The Effect of Anti-Nuclear Antibody Positivity on Immune Thrombocytopenic Purpura and its Clinical Course
Hematology Blood Transfusion & Disorders
Objective Immune Thrombocytopenic Purpura (ITP) is an autoimmune-mediated disease. Patients with primary ITP are occasionally found to have an Antinuclear Antibody (ANA) titer ≥1:160. Our objective was to study the effect of ANA on ITP and its clinical course. Methods This was a retrospective chart review of 765 adult patients with ITP, followed regularly at St. Paul's Hospital, Vancouver, Canada; 120 patients who had an ITP diagnosis and had ANA testing during their initial work-up were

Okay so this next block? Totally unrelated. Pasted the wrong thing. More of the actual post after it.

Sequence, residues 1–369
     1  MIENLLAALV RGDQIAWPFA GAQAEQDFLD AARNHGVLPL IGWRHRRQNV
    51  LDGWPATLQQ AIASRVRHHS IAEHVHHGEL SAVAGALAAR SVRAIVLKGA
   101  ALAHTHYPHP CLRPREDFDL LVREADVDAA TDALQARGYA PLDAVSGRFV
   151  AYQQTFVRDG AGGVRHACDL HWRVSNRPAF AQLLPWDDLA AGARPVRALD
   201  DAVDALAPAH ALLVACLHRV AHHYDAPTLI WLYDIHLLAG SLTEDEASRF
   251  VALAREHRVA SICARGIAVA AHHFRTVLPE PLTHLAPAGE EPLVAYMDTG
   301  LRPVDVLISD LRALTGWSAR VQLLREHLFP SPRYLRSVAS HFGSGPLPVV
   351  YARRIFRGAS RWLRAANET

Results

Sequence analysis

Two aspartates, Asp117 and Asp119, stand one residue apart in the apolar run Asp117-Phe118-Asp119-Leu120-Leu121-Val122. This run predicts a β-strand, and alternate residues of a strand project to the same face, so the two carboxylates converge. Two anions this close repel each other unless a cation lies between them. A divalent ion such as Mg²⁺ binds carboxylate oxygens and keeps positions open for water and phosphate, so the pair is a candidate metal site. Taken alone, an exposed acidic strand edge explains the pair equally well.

... work-up were included. An ANA titer ≥1:160 was correlated with clinical presentation including steroid responsiveness, platelet count at presentation, and autoimmune disease development. This study took place in St. Paul's Hospital, Vancouver, British Columbia, Canada between the months of Results Of 24 patients with ANA titers ≥1:160, 10(58.8%) were steroid-resistant, compared to 9(29.0%) of 31 patients with ANA titers <1:160(P=0.044). Five (20.8%) patients with ANA titers ≥1:160 developed other autoimmune diseases after diagnosis with ITP, compared to only one (1%) patient with an ANA titer <1:160(P=0.001). Patients with ANA titers ≥1:160 had a lower platelet count than patients with ANA titers <1:160, (P<0.001). Conclusion We analyzed the relationship between high ANA and ITP clinical course. Compared to patients with ANA titers <1:160, those with ANA titers ≥1:160 were steroid-resistant, had a higher risk of developing other autoimmune diseases, and presented with a lower platelet count.